FWIW, here's my explanation. When shooting my 40 cal as a newbie, I felt like when I dropped the tonque (sorta like spitting) I only needed to release air built up in my throat because of the small calibre. With the big bore, I visualize emptying a complete buildup- throat AND lungs. So after this initial explosion, I feel an extended release, emptying the lungs as well.
I don't have anything, but i use the old school Cherokee method of supporting my upper arms on the sides of my chest, puffing out my cheeks and 'valving' with my tongue. There is a sweet spot between not enough power and overdriving the dart. I always make sure my nose (and therefore my eyes) are the exact same distance above the gun, usually one finger width. I try to remain absolutely still, and let the dart do its work. I of course look only at the target, and put the spirit path between the two blowguns i see in my unfocused vision on the target for windage. If you look only at the target, you will see two blowguns. The one you feel in your hands and its spirit brother beside it. The long space between them is the spirit path. Rotate your head slightly from side to side until the spirit path is level. Let it lead directly to the target. All you have to do then is allow for elevation by raising or lowering the gun. That is a matter of practice. Anyway, that is the way my mother taught me over fifty years ago. Still seems to work. You need to be able to hit a quarter from twenty five or thirty feet to gig frogs, and this method will deliver at least that accuracy.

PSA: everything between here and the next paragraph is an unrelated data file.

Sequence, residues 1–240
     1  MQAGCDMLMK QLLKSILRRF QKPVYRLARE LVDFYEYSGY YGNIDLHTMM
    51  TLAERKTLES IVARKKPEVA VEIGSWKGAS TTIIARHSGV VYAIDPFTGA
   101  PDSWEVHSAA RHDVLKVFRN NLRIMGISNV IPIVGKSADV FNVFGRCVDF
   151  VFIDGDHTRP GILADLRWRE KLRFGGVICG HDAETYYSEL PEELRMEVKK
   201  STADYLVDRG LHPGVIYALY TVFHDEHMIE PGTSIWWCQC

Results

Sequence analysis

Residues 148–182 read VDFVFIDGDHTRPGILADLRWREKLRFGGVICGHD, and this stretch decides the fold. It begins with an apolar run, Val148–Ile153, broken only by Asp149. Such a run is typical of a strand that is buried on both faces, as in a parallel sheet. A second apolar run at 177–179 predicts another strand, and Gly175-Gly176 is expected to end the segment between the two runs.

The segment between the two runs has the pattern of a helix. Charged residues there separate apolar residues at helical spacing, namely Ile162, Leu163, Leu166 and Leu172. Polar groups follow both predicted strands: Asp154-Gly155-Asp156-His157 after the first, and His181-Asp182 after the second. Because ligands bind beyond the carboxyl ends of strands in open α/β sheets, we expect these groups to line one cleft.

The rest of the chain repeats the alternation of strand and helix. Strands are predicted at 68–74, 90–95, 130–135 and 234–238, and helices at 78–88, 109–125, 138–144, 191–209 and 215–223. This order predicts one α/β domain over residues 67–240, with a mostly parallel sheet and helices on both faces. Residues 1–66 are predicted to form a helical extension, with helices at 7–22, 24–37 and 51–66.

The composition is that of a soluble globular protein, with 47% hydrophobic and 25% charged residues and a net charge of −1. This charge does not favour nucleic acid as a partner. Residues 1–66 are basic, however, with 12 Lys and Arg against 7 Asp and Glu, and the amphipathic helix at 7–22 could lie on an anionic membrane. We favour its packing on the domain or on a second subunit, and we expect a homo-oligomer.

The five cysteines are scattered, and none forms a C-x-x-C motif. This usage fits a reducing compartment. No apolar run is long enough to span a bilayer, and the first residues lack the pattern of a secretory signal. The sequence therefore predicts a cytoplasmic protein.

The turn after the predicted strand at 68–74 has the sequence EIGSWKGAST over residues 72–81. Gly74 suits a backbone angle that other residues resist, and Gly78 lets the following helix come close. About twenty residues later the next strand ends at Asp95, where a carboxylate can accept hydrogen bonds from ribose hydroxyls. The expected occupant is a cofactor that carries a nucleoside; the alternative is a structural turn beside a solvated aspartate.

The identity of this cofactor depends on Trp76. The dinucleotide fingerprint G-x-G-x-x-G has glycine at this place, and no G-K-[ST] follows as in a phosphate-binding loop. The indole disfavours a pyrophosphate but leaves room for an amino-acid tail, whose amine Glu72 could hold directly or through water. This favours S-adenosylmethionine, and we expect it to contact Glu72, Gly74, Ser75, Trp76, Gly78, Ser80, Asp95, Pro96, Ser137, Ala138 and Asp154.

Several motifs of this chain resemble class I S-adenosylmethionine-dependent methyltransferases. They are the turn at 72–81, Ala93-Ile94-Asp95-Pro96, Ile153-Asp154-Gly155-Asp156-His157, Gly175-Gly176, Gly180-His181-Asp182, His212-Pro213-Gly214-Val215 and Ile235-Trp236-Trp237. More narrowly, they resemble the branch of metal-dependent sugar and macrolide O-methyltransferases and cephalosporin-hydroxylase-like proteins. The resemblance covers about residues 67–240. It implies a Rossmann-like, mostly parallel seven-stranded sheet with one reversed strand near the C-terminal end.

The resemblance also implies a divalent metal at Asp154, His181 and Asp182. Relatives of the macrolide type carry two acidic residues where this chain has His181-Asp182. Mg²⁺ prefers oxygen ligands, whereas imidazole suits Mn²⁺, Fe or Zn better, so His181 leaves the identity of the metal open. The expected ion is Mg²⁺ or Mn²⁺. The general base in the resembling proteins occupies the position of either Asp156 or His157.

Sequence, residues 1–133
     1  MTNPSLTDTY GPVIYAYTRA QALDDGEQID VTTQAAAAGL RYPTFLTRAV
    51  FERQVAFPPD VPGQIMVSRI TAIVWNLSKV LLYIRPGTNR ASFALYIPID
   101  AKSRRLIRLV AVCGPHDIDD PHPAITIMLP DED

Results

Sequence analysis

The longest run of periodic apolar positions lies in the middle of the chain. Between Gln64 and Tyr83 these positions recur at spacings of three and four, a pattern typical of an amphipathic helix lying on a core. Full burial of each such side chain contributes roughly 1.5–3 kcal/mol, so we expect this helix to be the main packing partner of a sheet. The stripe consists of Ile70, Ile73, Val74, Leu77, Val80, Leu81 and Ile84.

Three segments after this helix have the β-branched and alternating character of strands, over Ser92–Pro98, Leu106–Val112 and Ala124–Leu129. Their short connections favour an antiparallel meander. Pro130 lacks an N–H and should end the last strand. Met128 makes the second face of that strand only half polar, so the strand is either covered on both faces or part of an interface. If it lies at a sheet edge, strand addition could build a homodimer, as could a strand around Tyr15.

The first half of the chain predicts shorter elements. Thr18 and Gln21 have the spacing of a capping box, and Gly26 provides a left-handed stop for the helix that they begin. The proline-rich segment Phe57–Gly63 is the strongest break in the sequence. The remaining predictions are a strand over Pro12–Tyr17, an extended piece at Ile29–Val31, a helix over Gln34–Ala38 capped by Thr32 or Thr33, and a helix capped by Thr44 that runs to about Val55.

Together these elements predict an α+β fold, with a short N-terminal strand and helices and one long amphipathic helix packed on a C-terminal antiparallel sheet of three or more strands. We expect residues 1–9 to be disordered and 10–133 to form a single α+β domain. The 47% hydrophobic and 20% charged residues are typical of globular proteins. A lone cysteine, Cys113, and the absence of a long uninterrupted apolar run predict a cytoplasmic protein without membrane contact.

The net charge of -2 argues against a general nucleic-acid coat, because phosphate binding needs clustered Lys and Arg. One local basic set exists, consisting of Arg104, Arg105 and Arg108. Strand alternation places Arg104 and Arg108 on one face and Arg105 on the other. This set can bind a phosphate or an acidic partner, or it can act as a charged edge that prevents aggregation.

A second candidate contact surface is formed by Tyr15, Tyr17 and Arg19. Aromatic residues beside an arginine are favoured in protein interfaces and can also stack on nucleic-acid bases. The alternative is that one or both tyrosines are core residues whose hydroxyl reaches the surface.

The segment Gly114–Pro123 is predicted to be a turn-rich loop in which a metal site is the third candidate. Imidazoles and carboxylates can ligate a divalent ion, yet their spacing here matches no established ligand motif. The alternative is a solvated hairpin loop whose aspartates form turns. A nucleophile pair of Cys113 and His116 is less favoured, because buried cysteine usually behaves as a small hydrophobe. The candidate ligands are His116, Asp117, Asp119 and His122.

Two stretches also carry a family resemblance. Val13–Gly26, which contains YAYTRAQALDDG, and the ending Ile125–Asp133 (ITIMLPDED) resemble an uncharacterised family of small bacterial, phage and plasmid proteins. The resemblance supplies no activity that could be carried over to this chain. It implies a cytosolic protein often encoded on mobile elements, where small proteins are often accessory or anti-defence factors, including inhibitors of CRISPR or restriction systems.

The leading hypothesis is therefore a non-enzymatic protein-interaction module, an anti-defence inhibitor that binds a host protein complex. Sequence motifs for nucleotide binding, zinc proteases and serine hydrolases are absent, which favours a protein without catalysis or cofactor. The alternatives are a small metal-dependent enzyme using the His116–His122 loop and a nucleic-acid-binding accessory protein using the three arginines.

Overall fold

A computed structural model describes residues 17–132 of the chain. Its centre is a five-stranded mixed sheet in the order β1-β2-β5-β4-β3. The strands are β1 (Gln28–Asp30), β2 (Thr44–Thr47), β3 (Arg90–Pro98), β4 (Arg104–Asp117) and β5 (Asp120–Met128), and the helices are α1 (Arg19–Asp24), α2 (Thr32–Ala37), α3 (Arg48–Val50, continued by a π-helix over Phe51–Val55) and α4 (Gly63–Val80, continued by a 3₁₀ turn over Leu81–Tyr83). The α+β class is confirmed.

Oh, and think short fierce puff, not long breath. It is like saying the word 'two', and immediately cutting the air off. Always EXACTLY the same, no matter what gun you are shooting. Your breath is your "gunpowder". Measure it carefully for each shot.